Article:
Japan’s leadership was confronted with serious questions [after the fall of the Ming dynasty]. Northern China had more or less peacefully capitulated to the invading Manchu forces, abruptly ending the supremacy of the nearly three-hundred-year-old Ming dynasty. From Shoho 3 (1646) onwards over some forty years the bakufu received requests for military assistance from the supporters of the beleaguered Ming holding out in South China. These served as a constant reminder of the fallen giant. Chinese scholars seeking refuge in Japan readily pointed out that the Chinese imperial house in no small way had been brought down by misgovernment and the discontent of the commoners. The question of how Japan would stand up to a Manchu threat could not be ignored. We know that the senior councilor Matsudaira Nobutsuna probed Kumazawa Banzan on this topic. The latter feared that last-minute preparations for battle would create enormous logistical problems with regard to food supplies. Shortage of rice would cause mutiny and riots, making it easy for the invaders to conquer Japan. Even if the invaders were repelled, the social and economic havoc resulting from the attempted invasion would leave Japan in a state of anarchy and civil war.
A solution in accord with Confucian concepts was to better the lot of the commoners so that they would rally behind their government. This was to be achieved by Confucian-style benevolent government (jinsei), where the commoners were administered with increased expertise, efficiency, and dedication on the part of samurai officials. Education brought enlightenment and reduced violence. Yet education and appointment commensurate with performance challenged the inherited birthright of the samurai. Moreover such benevolent government often required financial sacrifice. Especially at times of natural calamities, the military was expected to forgo tax collection and contribute to relief funds.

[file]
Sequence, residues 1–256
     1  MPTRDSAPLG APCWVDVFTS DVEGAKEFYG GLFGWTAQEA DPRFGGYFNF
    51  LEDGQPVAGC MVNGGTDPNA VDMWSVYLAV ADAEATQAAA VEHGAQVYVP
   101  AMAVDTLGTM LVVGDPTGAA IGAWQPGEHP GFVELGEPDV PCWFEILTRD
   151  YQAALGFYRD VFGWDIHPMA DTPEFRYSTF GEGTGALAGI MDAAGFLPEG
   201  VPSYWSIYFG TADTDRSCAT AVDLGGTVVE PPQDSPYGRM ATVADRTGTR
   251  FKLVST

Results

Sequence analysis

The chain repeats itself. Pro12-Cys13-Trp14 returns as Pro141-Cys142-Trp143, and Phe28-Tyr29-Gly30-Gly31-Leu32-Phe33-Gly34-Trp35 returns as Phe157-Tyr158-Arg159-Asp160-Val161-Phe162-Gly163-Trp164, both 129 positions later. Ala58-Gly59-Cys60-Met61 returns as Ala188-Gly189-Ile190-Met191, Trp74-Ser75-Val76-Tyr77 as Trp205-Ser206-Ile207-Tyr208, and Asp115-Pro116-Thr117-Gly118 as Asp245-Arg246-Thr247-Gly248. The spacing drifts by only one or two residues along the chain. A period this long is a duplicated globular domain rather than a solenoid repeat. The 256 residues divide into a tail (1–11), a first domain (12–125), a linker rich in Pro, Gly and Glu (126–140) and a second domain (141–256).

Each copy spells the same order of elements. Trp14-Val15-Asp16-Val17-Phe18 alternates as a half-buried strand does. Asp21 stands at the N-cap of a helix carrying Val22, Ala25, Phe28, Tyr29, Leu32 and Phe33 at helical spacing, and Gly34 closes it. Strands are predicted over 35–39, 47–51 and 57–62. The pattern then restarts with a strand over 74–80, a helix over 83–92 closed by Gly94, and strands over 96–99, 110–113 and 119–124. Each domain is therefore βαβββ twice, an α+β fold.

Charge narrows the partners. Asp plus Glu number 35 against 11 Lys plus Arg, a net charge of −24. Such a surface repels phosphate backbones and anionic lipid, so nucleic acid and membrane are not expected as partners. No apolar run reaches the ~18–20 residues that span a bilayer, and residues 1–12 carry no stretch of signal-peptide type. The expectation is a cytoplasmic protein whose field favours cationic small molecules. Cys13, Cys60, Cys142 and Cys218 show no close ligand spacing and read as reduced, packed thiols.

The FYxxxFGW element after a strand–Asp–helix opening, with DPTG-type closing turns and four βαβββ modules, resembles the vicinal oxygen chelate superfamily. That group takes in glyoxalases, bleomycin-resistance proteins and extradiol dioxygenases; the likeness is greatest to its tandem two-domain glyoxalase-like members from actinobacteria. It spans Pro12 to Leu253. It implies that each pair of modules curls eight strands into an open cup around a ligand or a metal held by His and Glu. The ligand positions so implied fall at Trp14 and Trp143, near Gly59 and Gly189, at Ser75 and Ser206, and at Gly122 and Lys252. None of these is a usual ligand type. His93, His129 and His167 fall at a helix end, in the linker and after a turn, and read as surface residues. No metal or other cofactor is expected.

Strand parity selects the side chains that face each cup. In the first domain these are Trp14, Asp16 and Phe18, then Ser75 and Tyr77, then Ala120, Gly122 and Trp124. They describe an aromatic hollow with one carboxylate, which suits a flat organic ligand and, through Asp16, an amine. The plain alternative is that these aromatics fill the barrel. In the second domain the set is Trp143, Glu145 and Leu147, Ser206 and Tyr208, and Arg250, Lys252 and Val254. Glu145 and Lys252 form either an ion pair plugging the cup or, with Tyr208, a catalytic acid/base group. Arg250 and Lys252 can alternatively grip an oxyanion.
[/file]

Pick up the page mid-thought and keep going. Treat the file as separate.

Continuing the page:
In opposition stood the resolve to maintain the political status quo by consolidating the privileges of the ruling class. This strategy meant adherence to Ieyasu’s maxim that farmers were to be taxed so that they barely retained enough grain for seeding and burdened with corvee leaving just enough energy to produce good crops. Education encouraged insubordination. As Sakai Tadakiyo had advised Ikeda Mitsumasa, in these troubled times expenditures on military and public duties were more appropriate.
From the publisher’s blurb:
Tsunayoshi (1646–1709), the fifth Tokugawa shogun, is one of the most notorious figures in Japanese history. Viewed by many as a tyrant, his policies were deemed eccentric, extreme, and unorthodox. His Laws of Compassion, which made the maltreatment of dogs an offense punishable by death, earned him the nickname Dog Shogun, by which he is still popularly known today. However, Tsunayoshi’s rule coincides with the famed Genroku era, a period of unprecedented cultural growth and prosperity that Japan would not experience again until the mid-twentieth century. It was under Tsunayoshi that for the first time in Japanese history considerable numbers of ordinary townspeople were in a financial position to acquire an education and enjoy many of the amusements previously reserved for the ruling elite.